Is it because of their giddy laugh or their role as villains in Disney’s The Lion King? Or because we all wrongly assume they only rob food to survive? Sadly, hyenas are often the world’s most misunderstood and demonized animals.
But behind all these falsehoods lies one of nature’s most exciting hunters! Today, we’re going to dispel all those misconceptions – and reveal to you just how unique hyenas are.
As one of Africa’s apex predators, we will examine their fascinating biology, what hyenas eat, where they live, and fun facts about these laughing, meat-eating machines!
Table of Contents
Facts about hyenas
- Hyenas are members of a unique family known as Hyaenidae, with only four known species; spotted, brown, striped, and aardwolf.
- Despite their appearance, hyenas are more closely related to cats, meerkats, and mongooses than dogs.
- Hyenas have one of the strongest bites of any animal.
- Hyena often has a female-alpha social system. Female hyenas rank higher than males and are bigger and stronger.
- Hyenas usually mate with members of different packs to improve their genetic pool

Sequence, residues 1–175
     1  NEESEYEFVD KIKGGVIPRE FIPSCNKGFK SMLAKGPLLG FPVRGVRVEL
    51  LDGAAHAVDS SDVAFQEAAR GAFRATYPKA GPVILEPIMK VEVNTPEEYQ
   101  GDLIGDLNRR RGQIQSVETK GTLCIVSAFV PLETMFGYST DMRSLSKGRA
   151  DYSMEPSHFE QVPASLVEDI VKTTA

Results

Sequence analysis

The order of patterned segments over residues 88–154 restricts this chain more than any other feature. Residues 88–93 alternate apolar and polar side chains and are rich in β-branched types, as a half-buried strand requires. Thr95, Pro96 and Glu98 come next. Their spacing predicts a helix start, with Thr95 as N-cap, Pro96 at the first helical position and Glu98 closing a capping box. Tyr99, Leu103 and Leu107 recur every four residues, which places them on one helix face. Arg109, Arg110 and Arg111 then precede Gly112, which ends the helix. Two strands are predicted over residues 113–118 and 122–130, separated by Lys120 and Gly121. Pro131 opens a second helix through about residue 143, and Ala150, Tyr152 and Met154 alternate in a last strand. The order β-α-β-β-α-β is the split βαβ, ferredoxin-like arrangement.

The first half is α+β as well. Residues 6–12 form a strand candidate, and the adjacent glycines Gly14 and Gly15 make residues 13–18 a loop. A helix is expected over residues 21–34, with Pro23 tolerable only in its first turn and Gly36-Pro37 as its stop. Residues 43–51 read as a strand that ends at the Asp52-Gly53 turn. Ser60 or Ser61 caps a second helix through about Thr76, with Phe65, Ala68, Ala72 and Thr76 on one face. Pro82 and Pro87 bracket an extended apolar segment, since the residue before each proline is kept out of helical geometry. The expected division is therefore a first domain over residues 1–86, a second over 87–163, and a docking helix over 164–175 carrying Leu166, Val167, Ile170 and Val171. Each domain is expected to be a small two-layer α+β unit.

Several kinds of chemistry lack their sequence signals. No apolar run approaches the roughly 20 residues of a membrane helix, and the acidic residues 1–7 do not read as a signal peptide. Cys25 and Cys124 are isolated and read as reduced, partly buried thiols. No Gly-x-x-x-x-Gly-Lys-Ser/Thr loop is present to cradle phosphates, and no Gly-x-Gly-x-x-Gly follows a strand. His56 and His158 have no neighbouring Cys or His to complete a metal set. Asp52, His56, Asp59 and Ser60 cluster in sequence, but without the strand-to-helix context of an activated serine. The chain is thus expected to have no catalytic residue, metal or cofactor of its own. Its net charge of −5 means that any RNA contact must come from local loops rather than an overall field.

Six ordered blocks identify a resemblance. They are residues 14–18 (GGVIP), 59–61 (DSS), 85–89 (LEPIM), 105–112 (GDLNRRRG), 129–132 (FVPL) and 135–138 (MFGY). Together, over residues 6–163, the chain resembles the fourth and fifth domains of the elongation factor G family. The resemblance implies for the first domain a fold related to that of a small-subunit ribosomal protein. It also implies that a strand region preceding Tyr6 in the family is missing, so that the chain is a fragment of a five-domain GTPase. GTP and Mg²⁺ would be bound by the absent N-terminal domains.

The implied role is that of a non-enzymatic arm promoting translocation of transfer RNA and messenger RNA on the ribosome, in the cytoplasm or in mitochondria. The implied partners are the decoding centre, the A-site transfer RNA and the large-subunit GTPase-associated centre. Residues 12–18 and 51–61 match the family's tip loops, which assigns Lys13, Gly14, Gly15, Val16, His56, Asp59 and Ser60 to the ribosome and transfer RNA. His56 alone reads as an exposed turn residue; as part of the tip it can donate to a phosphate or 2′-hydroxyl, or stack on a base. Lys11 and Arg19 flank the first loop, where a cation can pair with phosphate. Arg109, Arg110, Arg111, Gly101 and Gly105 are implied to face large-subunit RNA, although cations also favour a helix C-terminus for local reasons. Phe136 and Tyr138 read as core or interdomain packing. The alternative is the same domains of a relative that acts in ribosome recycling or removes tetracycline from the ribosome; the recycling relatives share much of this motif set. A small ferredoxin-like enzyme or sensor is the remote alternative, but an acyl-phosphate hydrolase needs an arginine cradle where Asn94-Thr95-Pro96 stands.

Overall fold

- Not all hyenas giggle. Striped hyenas, for example, rarely make noise and communicate with body movements.
- Spotted hyenas have the species signature ‘laughter,’ used for communication. They have up to 10 different calls.
- Females collectively nurse and care for all cubs.
- Hyenas are hyper-intelligent, scoring high on a carnivore intelligence test. They use teamwork and planning to hunt more effectively.
- A hyena’s digestive system means it can break down most if not all parts of an animal’s body.
- The average life expectancy for a hyena in the wild is 12.
- The Guinness Book of world records says that the oldest hyena in captivity lived to be 28 years old.
What do hyenas eat?
Hyenas are carnivores, meaning they eat the meat of other mammals. Because they are primarily found across the savannah of Africa, wild hyenas eat a variety of grazing mammals, rodents, and insects. They may also eat fruits and scavenge the dead bodies of other animals.
Hyenas are not too picky when it comes to their meal – they have a huge appetite and need a constant supply of energy to roam their territory. And because packs can have huge numbers, the animals they kill will often have numerous mouths to feed.
Let’s take a closer look at what exactly each type of hyena eats and how:
Brown hyenas are primarily scavengers. They use their strong sense of smell to scout and locate dead animals in their territory. Because they don’t have to use their energy for hunting big animals, the little food they can strip off the carcass is worth it.